Ten things that I have learned to do better - Reflections of a Pastor and a Parent

10. To look into the subject for myself.

It was God’s mercy alone that prepared me to fully accept John when he came out to me with trembling and fear about how I would react to his news.  Had I not had six months to prepare, I honestly don’t know how I would have reacted to his news.  I don’t know that I would have thrown my arms round him and told him that I loved him as I was able to do.  You can’t change your whole way of thinking in a moment.

You may be a parent and fully believe that your children will grow up happily heterosexual.  But will they?  What are the chances that they could be LGBT+? In the 2011 UK population Census, 6% of the respondents failed to describe themselves as exclusively male or female.  There may be reasons other than them identifying as LGBT+ to explain this, so take as a working figure that 4% of the population are LGBT+.  Consequently, as a parent, if you have two children, there could well be a one in 12.5 chance that one of your children is gay.  With five children such as we have the chances rise to one in five … which is exactly what we have.

Don’t think, as I did, that it can’t happen to good Christians like you. It can.  If you haven’t thought it through beforehand, it will be much more difficult for you and them.  You may then be tempted to go to the church eldership for counsel and get any negative beliefs that you may already have, reinforced.  My wife and I went to a respected church leader in our city for some advice in the early days after John came out.  He said to us, “Don’t say the word ‘gay’ because that will give it power.”  This was, of course, nonsense and fortunately I saw it for what it was.  But it could have been a real stumbling block for me if I had taken it on board.

Don’t just assume that your church has taught you the truth about sexuality and gender identity.  Look into it for yourself.  Read up the arguments for and against acceptance and inclusion and trust that God will guide you.

9. To tell them you love them.

Actually, by God’s grace I was able to do this one right, but I don’t think I would have done so without God’s intervention.  I have included it, though, because it’s so important.  

Young people have told me that coming out to their parents is the most terrifying ordeal that they have ever faced.  It takes great courage to do this and even if they are almost certain that you will be understanding, there is that small fear in their minds that you won’t accept them.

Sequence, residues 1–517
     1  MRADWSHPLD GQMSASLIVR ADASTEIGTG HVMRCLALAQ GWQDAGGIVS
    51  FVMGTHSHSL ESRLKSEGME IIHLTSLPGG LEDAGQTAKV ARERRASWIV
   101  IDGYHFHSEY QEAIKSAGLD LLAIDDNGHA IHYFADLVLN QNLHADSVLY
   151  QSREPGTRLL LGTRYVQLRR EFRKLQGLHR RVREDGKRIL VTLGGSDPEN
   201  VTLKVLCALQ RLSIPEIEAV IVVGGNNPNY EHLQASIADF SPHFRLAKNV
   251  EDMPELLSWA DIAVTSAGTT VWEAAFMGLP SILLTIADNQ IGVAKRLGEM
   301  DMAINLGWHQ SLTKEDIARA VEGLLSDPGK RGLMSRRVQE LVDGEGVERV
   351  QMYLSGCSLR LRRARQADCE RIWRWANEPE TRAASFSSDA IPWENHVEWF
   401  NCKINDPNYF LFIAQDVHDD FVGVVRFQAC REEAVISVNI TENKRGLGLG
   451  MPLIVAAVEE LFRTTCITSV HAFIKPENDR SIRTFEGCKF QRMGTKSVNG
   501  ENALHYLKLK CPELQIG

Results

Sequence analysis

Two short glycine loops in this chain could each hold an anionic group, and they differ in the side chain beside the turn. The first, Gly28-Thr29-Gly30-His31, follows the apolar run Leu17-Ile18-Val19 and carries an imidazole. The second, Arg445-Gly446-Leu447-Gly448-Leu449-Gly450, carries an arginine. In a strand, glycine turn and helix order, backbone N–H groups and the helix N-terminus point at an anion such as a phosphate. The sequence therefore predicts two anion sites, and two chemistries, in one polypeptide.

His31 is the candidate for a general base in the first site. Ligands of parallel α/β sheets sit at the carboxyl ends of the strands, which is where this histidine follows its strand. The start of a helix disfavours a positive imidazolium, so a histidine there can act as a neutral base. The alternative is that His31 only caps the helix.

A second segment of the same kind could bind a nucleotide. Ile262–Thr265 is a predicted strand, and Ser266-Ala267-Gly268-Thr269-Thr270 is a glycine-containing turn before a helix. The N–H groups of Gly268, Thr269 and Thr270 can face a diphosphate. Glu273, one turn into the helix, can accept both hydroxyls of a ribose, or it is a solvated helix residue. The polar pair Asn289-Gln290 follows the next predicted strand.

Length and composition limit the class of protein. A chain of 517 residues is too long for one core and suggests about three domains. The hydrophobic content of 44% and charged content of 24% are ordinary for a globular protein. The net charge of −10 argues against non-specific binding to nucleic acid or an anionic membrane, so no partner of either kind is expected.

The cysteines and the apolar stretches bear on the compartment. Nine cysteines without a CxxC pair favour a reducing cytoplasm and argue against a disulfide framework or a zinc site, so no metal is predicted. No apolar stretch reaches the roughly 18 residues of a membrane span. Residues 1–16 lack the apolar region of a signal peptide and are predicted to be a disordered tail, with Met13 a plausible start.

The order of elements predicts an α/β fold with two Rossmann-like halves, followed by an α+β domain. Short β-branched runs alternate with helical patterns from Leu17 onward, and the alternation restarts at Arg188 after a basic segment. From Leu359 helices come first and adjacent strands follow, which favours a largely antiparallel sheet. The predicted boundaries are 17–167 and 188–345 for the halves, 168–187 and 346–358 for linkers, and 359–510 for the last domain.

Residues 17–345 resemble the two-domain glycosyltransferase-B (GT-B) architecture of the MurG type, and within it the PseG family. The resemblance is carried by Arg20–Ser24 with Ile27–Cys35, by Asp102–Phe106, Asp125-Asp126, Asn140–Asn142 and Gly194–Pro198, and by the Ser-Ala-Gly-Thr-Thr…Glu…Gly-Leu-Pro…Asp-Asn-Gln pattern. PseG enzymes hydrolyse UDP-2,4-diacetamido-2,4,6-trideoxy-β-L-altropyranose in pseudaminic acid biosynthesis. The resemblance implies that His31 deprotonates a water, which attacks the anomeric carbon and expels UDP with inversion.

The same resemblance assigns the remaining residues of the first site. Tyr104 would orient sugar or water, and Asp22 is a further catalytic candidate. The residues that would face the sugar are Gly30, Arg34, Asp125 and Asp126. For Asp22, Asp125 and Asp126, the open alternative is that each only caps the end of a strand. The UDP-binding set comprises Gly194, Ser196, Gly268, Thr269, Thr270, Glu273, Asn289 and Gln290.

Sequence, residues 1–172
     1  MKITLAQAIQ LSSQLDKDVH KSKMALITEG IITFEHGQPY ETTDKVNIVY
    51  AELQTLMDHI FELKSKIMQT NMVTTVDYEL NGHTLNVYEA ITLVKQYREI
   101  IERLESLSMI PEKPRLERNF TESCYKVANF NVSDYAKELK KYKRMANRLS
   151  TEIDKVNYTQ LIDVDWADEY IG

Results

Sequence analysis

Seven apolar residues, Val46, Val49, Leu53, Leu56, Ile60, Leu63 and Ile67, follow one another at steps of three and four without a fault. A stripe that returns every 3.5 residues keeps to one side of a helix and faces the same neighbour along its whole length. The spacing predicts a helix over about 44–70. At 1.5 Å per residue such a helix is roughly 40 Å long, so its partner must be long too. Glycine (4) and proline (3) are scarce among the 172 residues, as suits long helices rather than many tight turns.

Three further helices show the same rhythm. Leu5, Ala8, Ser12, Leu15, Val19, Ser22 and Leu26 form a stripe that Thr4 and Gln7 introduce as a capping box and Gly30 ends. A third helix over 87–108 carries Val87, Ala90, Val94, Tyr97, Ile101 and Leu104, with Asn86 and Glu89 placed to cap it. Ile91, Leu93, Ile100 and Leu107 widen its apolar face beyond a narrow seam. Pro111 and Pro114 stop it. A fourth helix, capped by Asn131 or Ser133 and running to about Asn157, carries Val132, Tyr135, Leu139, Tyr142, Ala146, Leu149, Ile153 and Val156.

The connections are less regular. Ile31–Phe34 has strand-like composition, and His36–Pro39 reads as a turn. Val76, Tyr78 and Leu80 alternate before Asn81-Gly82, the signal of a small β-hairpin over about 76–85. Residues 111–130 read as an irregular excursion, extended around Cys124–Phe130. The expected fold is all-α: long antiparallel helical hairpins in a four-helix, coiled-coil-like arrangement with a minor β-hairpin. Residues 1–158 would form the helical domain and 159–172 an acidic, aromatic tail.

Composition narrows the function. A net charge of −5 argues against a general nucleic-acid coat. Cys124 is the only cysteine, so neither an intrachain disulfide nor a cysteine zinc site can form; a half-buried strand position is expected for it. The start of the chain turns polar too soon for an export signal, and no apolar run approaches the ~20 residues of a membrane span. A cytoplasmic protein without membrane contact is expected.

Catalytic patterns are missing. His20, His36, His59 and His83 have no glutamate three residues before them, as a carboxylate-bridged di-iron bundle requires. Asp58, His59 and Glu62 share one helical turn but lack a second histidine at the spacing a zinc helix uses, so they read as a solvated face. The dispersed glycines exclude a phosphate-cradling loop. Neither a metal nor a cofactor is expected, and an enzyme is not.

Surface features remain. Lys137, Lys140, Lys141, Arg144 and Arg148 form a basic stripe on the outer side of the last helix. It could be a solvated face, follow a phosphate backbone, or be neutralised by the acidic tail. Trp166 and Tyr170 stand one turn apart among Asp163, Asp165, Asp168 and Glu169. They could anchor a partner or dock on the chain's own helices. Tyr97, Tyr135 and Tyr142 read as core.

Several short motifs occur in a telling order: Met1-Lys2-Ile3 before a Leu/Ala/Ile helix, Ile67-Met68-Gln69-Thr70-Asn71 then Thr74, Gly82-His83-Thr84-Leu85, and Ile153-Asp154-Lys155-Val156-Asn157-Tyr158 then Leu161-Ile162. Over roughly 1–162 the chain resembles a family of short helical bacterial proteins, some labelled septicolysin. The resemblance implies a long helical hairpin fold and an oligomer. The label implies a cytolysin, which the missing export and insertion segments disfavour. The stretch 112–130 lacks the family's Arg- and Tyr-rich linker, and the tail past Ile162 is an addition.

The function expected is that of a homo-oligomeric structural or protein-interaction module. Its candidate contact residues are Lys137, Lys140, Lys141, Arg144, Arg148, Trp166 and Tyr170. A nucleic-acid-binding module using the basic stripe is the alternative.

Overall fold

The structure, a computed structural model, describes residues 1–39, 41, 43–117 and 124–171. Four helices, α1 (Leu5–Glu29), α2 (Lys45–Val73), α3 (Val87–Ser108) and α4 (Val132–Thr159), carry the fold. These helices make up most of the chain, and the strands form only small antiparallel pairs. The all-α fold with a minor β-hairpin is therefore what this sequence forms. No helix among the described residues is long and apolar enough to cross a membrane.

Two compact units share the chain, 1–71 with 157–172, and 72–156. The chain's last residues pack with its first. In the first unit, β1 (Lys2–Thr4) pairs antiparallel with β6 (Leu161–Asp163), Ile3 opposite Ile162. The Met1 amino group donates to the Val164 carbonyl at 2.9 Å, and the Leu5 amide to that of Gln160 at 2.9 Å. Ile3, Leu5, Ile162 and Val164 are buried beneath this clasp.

You may already have some inkling but it may, on the other hand, be a total shock to you.  In such a situation emotions can dominate and there’s the chance that things are said that will later be regretted.  All I can say is that they are your beautiful child, the same one they were the day before and they need your love and acceptance more than ever now.

Let them know that you love them and will always love them and give them the biggest hug of their lives.  This moment isn’t the time for doctrinal discussions or debates.  

8. To be honest about my own emotions.

On the other hand, it’s important to be real.  If it’s a total shock to you, tell them.  They have had perhaps years to come to terms with who they really are – you have had just minutes.  Whilst affirming your love for them, explain that you need some time to process the information for yourself.  Often youngsters plan to come out just before going away for a while, perhaps to University or on a holiday away from the family.  This can actually be a helpful and wise move, giving you time to come to terms with what they have told you.  In the following hours and days your head may well be swimming with all kinds of questions, thoughts and fears that keep popping up as you digest what this means for your child and the family.  At this stage it may seem like a massive, intractable problem that has just been dumped on your lap, but this will pass and you will be able to see things in a better perspective in the coming days.